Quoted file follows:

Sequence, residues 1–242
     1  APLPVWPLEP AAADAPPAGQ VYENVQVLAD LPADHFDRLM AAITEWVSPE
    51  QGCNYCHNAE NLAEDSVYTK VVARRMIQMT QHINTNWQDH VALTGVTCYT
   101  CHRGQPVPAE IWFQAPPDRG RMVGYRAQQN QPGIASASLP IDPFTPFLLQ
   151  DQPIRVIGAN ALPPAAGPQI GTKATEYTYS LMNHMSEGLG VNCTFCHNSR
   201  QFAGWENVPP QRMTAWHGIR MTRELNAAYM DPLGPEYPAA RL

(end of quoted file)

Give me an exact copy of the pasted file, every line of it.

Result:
Sequence, residues 1–242
     1  APLPVWPLEP AAADAPPAGQ VYENVQVLAD LPADHFDRLM AAITEWVSPE
    51  QGCNYCHNAE NLAEDSVYTK VVARRMIQMT QHINTNWQDH VALTGVTCYT
   101  CHRGQPVPAE IWFQAPPDRG RMVGYRAQQN QPGIASASLP IDPFTPFLLQ
   151  DQPIRVIGAN ALPPAAGPQI GTKATEYTYS LMNHMSEGLG VNCTFCHNSR
   201  QFAGWENVPP QRMTAWHGIR MTRELNAAYM DPLGPEYPAA RL